A Printeresting Curatorial Project

The Elizabeth Foundation for the Arts
323 West 39th St., 2nd Floor
NY, New York 10018

November 5 - December 19
Opening Reception:
Saturday, November 7
6-9 PM







One Every Day Curatorial Statement

Itís the detritus that we find tucked under our windshield, the debris we empty from our pockets at the end of the day. Itís the trading card from childhood that never appreciated in value, but we treasure nonetheless. Itís the gig-poster that begs to be removed from the telephone pole and squirreled away in a drawer. We could name many varieties of print ephemera, each with its own obscure origins. Regardless of physical form, all these things share three characteristics: fleeting function, low-cost means of production, and the fact that somebody out there loves them.

In a strange contradiction, the moment that technology allowed for the production of cheap, mundane printed material, people began to collect it. The Burdick Collection at the Metropolitan Museum of Art houses approximately three hundred thousand examples of ephemera that can only be seen by appointment. This arrangement pits baseball card enthusiasts against curators from the Hermitage, each jockeying for table space. And with the urge to collect comes the need to classify; The Ephemera Society of America counts over forty categories of printed matter in its list of acknowledged forms of ephemera. Their list ranges from business cards and ticket stubs to newspapers and Valentines.

This compulsion to collect and classify may be a hard-wired neurological response to being human in a world full of stuff touched by other humans. Ephemera are the evidence of our shared history. Something rooted so deeply in our daily lives will inevitably stir the artist. And so this powerful affinity for the ephemeral inspires legions of 'creatives' to produce their own printed matter: bits and pieces of oddly vital flotsam, with hundreds of fleeting functions. The twenty-five artists and designers in One Every Day share a central interest in print ephemera, but each contributor to this exhibition presents his or her own nuanced take on what ephemera might signify.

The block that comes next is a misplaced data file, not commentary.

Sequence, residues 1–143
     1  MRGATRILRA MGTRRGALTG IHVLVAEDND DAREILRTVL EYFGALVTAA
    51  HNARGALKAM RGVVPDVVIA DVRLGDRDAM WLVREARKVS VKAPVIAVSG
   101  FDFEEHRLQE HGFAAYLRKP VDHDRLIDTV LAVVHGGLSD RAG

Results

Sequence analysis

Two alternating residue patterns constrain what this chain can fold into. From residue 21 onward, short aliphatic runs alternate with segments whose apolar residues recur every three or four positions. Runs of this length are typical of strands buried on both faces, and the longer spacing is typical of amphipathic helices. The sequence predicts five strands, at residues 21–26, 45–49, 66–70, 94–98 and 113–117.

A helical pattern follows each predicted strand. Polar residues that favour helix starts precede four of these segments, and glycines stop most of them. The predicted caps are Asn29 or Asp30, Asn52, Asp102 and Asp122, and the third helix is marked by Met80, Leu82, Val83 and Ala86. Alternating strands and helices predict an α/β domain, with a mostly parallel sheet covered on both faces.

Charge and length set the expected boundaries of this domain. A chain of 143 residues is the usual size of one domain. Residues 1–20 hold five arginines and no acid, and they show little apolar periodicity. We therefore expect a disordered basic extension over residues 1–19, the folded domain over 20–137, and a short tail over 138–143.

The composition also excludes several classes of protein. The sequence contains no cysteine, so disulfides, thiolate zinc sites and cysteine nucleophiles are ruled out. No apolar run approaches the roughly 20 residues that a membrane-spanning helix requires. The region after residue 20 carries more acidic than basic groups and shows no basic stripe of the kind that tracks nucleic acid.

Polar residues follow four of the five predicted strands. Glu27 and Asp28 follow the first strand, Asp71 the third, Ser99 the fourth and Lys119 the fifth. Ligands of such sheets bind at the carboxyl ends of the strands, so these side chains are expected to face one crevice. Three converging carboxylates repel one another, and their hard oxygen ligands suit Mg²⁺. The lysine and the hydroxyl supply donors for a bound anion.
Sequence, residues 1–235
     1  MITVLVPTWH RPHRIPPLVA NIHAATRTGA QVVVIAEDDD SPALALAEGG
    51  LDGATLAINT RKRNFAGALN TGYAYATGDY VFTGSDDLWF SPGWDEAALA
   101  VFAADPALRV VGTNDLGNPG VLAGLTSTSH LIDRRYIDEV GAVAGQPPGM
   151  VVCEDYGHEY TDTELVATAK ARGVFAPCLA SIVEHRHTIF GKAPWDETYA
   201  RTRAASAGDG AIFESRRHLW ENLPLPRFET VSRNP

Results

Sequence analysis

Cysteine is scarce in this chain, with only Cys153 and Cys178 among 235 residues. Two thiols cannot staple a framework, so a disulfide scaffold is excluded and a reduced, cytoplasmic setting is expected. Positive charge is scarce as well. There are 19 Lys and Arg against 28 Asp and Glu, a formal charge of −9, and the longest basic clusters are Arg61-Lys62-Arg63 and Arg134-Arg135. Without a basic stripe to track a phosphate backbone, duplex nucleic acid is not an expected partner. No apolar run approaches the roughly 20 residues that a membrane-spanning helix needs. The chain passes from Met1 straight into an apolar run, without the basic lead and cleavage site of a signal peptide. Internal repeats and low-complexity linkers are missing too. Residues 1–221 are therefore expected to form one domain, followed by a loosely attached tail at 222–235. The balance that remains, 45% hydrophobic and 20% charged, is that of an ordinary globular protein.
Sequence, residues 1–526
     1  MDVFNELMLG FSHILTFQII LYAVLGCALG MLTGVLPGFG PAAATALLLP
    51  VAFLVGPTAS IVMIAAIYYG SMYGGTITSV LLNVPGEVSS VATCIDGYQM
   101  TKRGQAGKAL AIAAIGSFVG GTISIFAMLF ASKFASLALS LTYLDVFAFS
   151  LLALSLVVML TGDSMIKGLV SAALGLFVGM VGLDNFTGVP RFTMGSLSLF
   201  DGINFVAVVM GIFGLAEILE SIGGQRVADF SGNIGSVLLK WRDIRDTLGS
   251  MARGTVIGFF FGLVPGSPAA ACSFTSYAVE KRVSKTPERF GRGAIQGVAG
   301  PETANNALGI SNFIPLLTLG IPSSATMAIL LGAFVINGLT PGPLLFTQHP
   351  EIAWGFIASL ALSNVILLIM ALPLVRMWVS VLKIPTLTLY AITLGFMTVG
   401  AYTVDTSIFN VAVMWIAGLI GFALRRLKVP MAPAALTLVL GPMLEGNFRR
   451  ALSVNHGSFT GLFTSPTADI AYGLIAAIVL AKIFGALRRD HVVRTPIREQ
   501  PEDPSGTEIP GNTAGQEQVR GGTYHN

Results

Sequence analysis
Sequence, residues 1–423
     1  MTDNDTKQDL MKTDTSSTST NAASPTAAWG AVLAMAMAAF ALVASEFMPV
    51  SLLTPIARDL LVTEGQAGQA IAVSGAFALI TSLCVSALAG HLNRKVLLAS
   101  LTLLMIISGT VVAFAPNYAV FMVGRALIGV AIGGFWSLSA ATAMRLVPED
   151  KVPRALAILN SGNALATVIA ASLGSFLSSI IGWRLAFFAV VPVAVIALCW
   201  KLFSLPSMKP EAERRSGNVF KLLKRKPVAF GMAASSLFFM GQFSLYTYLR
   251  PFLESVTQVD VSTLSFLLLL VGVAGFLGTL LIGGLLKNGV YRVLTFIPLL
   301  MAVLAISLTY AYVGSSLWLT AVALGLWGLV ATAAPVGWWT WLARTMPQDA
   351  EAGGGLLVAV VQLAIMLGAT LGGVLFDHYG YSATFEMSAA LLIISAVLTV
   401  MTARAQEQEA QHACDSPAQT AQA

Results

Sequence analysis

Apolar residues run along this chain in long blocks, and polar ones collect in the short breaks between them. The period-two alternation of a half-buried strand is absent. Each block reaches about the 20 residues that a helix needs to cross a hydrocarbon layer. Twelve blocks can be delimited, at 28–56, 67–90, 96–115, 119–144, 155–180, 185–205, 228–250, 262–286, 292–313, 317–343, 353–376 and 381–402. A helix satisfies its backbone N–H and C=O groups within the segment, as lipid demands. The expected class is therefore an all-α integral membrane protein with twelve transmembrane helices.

Many of the contributors to this exhibition reproduce, mimic, or parody past and present styles of printed matter. These artists appropriate the primary visual language of modern times, and in turn they appropriate our own attachments to that language. Similarly, culture workers have created a profound sense of dislocation by re-contextualizing print language, often just by placing it where it does not belong.

Some of these artists catalog printed objects according to form, applying a keen interior logic to the chaotic remnants from the world around them; for example, mining printed matter for raw material in the modern collage tradition. Others use the printed object, whether found or created anew, to create relationships with the public. Sometimes this relationship involves an actual exchange of printed material, an act that creates an oddly symmetrical relationship between artist and audience.

And of course, many of these artists and designers created these objects for the same reasons ephemera have always been created. An efficient mode of production and distribution allows access to the widest possible audience. This is always the goal of anyone with an idea to share, an agenda to promote, a culture to subvert, or yes, even a product to advertise.

The universe of ephemera is expansive, and so is the work in One Every Day. The viewer will be treated to books, pamphlets, zines, stickers, merchandise, and other artifacts, but also subtle minimalist explorations, conceptual activism, and post-punk rock promotion. Similarly, the goals of our contributors are diverse: highly personal and comedic explorations of youth culture rest easily alongside overt critiques of consumer waste.

Even mundane printed matter contains reams of history and meaning. So what happens when we fill a room with creative products inspired by this stuff? Will the work of artists, designers, and commercial printers cohere around an affinity for the ephemeral? Is it possible for these disparate bits of trivial information to come together in a conversation of ideas? We think so, if only for a momentÖ